Single-Serve Package Reduces Carbon Footprint By Over 30%
29. September 2016
The Freshpack is tailored to workplaces and reduces emissions from raw material extraction by 40% by eliminating aluminum.
Increasing concerns in the coffee industry and beyond on the environmental impact of single-serve plastic pod packaging are bringing about innovative design alternatives that aim to minimize that impact.
One such example is the film-based new-generation Freshpack, recently launched by Mars Drinks, a business of Mars, Inc., headquartered in West Chester, Penn. The company’s exclusive focus with its single-serve business is offices and other workplaces globally. Its single-serve packaging is designed to work with Mars Drinks brewers.
The company produces the Freshpack packaging at its LEED-certified West Chester, Penn. facility using a horizontal form, fill and seal process. They are made from purchased extruded film, including PP, PLA, and PE, and have the following dimensions: for coffee and instants, 70 mm (2.76 in.) wide and 101 mm (3.98 in.) tall; for tea, 50 mm (1.97 in.) wide and 101 mm (3.98 in.) tall.
The company achieved a 31% carbon footprint reduction in its single-serve packaging. This has been verified by ISO 14044:2006 Life Cycle Assessment—which analyzed environmental impact across all production stages—from raw material through distribution by Montreal-based engineering firm WSP Parson Brinckenhoff.
According to the company, “upstream” environmental factors were key to the new design’s creation. As part of that approach, Mars Drinks reexamined the entire Freshpack production process and identified the raw material extraction of aluminum as the most significant contributor to the carbon footprint of the raw materials in the original pack design.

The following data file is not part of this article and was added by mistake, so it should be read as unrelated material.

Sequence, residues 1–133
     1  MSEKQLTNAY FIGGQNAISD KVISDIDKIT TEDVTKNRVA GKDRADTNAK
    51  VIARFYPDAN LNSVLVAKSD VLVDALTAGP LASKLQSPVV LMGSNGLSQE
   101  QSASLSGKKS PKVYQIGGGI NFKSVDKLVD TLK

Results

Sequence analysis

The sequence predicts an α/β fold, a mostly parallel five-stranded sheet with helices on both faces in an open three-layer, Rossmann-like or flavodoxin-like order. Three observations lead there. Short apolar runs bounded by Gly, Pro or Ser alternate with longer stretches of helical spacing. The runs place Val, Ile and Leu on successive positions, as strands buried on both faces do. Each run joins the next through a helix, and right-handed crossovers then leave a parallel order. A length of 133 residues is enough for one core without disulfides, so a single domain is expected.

The removal of aluminum resulted in a 40% emissions reduction from raw material extraction in the new-generation Freshpack packaging. This, according to the company, while maintaining its predecessor’s benefits, including proprietary brewing technology to preserve freshness and eliminate flavor cross-over from one drink to the next.
Meanwhile, the company also continues its Recycle Your Freshpacks program, offering its North American customers and easy way to divert 100% of Freshpacks from landfills. (Mars invested in a Texas-based wind farm that reportedly generates the equivalent amount of energy required to power all its U.S. operations, including Mars Drinks West Chester campus.)
Said Samantha Veide, Mars Drinks’ global director, corporate sustainable solutions, “Customers have told us their number one sustainability issue when it comes to workplace drinks solutions is solving the packaging challenge. That’s why we placed such a priority on rethinking our Freshpack design.” As guided by its parent company’s sustainability commitments, Mars Drinks is focusing its 2016-2020 sustainability initiatives in three areas: sustainable agriculture, sustainable operations, and sustainable solutions.